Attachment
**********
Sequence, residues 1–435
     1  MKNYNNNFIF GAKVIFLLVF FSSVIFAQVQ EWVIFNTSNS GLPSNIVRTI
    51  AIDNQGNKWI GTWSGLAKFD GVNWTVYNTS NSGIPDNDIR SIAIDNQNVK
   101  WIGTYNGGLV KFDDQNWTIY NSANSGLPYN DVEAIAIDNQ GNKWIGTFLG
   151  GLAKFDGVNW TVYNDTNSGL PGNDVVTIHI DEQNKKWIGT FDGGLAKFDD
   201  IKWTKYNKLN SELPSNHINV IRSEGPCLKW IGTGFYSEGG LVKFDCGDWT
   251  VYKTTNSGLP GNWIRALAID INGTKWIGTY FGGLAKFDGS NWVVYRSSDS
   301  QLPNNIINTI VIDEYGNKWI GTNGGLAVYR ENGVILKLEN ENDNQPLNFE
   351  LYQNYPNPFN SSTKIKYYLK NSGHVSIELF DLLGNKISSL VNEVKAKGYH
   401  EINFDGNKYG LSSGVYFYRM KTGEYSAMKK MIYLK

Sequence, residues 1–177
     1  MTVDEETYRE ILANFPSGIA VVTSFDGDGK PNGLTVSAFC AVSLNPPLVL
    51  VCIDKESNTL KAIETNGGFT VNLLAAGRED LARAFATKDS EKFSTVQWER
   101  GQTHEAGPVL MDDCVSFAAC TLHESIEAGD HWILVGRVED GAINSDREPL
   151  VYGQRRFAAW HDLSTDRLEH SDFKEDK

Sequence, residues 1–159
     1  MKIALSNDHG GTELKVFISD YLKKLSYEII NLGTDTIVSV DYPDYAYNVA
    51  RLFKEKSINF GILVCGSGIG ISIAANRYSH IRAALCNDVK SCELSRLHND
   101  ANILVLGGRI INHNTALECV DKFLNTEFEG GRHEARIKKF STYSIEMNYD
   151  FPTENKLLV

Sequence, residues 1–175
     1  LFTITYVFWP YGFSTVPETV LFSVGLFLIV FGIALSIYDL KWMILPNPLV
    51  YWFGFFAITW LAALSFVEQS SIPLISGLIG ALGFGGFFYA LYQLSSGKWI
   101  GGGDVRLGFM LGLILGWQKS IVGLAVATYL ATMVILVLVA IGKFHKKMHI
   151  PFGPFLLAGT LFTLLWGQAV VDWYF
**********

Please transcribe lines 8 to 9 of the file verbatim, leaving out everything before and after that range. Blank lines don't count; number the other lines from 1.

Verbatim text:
   301  QLPNNIINTI VIDEYGNKWI GTNGGLAVYR ENGVILKLEN ENDNQPLNFE
   351  LYQNYPNPFN SSTKIKYYLK NSGHVSIELF DLLGNKISSL VNEVKAKGYH